The banking and monetary regulator, Reserve Bank of India, left key policy rates unchanged but reduced its cash reserve ratio (CRR) by 25 basis points in its mid-quarter monetary policy review. Cash reserve ratio is the amount that banks need to keep with the central bank.
Earlier, the CRR was fixed at 4.75 percent, and with the reduction of 0.25 percent, the CRR has come down to 4.50 percent. The new rate will be effective from September 22, 2012. The rate cut is expected to release Rs. 17, 000 crore in the banking sector.
The move of RBI, to keep other important policy rates unchanged but slashing CRR, has been appreciated by many experts of the banking sector. Mr. M.D. Mallaya, the Chairman and Managing Director of Bank of Baroda has said that the rate cut could be a sentiment booster. As a result of this, there would be an increase in liquidity in the economy which stimulate banks to cut lending rates.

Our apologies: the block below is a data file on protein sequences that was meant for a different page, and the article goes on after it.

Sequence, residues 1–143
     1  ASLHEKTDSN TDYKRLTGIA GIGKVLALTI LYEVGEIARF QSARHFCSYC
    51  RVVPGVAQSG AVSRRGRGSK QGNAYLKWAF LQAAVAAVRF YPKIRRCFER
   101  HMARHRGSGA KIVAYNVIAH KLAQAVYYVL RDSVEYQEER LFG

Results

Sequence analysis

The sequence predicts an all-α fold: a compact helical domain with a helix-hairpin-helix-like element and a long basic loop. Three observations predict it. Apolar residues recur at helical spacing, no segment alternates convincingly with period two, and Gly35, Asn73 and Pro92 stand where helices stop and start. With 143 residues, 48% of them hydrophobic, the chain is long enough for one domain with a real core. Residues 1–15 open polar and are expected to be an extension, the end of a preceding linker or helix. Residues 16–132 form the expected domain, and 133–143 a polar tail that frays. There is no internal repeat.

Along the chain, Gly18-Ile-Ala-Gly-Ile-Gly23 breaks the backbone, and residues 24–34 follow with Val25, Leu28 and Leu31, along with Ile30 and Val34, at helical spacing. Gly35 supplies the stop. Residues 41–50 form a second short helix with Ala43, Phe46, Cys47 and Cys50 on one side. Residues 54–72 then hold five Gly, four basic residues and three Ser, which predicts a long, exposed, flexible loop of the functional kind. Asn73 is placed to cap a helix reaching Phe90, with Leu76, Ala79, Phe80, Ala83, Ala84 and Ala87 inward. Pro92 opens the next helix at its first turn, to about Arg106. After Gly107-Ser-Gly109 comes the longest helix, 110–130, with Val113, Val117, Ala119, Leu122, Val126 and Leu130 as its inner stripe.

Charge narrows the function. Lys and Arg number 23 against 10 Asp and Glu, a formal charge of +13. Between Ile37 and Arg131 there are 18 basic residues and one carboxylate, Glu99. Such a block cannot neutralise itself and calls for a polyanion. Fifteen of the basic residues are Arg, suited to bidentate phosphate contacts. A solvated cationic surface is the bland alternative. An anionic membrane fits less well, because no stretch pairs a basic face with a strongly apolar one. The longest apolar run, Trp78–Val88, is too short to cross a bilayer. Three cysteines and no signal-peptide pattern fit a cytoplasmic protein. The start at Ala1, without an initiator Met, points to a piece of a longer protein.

While releasing its monetary review, RBI said that because of the inflationary conditions of the economy and risks arising out of current account and fiscal deficit, the central bank could not take a stronger monetary policy measures. Additionally, justifying its decision of keeping the repo rate unchanged, RBI said that it front loaded the repo rate cut by 50 bps in April.